For the Historical Sew Fortnightly Black & White challenge I decided to make a white item, and a black item (and maybe a black and white item if I get very ambitious this evening!)
My white item? A very sweet, very white, 1860s chemise from the (slightly infamous) Simplicity 9769 Martha McCain ‘The Fashion Historian’ chemise/corset/drawers pattern.
Under normal circumstances, I wouldn’t have bought this pattern, because I usually use period patterns, or make something based off an original item I’ve studied or own (I know it sounds snobbish, but I’d rather know that anything weird, hard to work through or mistake-y is my own fault!). But…I’m teaching sewing so I’m trying to use a lot more commercial patterns, so that I can advise students on them.
Oh, and also, the pattern was basically free. At one of the first Fabric-a-Bracs I went to someone was selling a bag with all the bits for a corset: busk, aiglets, grommets, lacing, and this pattern, for (if I remember correctly) $15! Which is less than a busk costs. So I snapped it up, and have added all the bits to my corset making stash (and probably used them since).
As long as I had the pattern, I thought I’d best give it a try!
I was, to say the least, very pleasantly surprised by the pattern. I cut the size 10, rather than the 14/16 I am based on the measurements (let’s just say that when it comes to Simplicity sizing, I wasn’t born yesterday!), and it made up beautifully. It really is a period-accurate pattern, and while I prefer more description of why things are done, and why they are period accurate in my patterns (a la Wearing History), if you already know how 1860s undergarments work, or don’t care about the research behind a garment, the pattern is just fine as it is.
The pattern was actually very easy to make and put together, though I imagine it would really throw you if this was your first attempt at gussets and geometric patterning. Every piece in the pattern is a rectangle or triangle, and fitting them together is a fun puzzle . Each step is well described (except for step 15, where the drawing shows you putting in the sleeve reinforcement panel backwards), but it does help to have a mental picture of how it’s all going to fit together in the end.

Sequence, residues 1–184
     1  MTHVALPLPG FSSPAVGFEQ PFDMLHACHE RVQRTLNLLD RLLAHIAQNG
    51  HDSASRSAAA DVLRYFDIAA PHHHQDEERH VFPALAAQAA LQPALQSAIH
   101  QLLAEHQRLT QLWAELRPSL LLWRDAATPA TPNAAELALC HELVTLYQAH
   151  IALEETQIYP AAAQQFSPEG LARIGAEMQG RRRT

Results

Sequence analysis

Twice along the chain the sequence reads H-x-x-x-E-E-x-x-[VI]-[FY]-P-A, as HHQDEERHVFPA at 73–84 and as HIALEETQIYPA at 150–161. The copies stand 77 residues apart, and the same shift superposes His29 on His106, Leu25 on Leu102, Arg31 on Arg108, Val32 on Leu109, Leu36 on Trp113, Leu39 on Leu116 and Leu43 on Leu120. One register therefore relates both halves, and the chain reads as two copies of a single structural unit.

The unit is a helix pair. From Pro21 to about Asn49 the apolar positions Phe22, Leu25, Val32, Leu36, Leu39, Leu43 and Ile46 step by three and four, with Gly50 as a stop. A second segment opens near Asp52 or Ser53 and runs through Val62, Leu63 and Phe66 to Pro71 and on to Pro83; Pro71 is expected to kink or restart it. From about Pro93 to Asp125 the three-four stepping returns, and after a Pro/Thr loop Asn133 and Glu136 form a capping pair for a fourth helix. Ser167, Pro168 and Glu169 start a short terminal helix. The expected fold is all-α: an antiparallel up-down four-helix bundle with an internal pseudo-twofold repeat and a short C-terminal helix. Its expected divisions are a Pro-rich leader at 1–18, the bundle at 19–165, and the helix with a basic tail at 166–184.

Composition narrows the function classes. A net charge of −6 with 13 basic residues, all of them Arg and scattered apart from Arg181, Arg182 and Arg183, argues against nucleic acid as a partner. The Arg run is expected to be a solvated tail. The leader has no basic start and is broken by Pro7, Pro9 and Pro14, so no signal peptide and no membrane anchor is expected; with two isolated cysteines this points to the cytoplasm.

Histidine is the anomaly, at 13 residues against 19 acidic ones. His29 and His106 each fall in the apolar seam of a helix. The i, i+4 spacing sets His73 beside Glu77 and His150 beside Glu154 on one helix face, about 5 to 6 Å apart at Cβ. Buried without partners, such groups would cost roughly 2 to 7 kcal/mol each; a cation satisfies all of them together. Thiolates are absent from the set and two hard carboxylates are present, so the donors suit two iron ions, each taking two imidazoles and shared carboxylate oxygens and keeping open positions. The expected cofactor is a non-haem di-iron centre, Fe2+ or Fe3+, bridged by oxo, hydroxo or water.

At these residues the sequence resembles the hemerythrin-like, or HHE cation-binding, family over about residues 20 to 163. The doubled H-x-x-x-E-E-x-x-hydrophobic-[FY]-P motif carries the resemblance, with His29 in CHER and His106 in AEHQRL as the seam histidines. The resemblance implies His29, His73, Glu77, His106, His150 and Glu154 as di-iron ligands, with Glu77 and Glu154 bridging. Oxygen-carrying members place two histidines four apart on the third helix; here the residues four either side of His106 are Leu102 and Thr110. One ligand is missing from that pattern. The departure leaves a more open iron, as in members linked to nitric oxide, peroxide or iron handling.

This was a pattern where pattern markings were very important. In fact, you can still see my yellow X markings all over the chemise, as I haven’t had a chance to launder them out yet!
For trim, I used some vandyke (a bit of a theme in my lace choices recently) broderie anglaise that I also picked up at Fabric-a-Brac, and vintage shell buttons that have been in my stash forever.
I made life difficult for myself by sewing the lace down right to the edges – lots of sinking and turning as I navigated those points.
I did all the handsewing with a silk thread, which took most of my time as the cotton is very tightly woven, and hard to handsew through, especially as chilblains begin to claim my hands for another winter.
The Challenge: #9 — Black & White
Fabric: 2.2m of white cotton lawn (from the $5 bin at Fabric Warehouse).
Notions: 1.5m white cotton broderie anglaise trim (also a Fabric-a-Brac find), 2 vintage shell buttons, silk and cotton thread.
How historically accurate is it? Because I was just trialling the pattern, I wasn’t too worried about being period perfect. The chemise is primarily machine sewn (pushing it for the early 1860s), though I did do the finishing by hand. The fabric is a tiny bit thin and crisp compared to most period examples, but not beyond the boundaries of normal mid-19th century undergarment fabrics. My lace is a bit modern, but the buttons are perfect. So….70%?
Hours to complete: 4. Really easy except for sewing the lace rows so close to the sleeve gather.
First worn: Just for photos, though it will appear in a lecture at Handmade at the end of the month.
Total cost: $5.00 for the fabric, and another $3 in lace and notions.